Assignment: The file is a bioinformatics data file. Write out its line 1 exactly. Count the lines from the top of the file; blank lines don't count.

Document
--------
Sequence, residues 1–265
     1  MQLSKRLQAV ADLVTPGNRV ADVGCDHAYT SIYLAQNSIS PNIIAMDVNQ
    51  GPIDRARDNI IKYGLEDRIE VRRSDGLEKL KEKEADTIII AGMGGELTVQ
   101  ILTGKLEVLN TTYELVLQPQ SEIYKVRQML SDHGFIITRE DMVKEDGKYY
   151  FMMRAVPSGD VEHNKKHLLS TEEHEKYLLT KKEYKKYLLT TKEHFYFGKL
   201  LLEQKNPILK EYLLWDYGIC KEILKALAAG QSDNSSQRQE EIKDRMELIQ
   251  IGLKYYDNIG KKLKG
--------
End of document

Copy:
Sequence, residues 1–265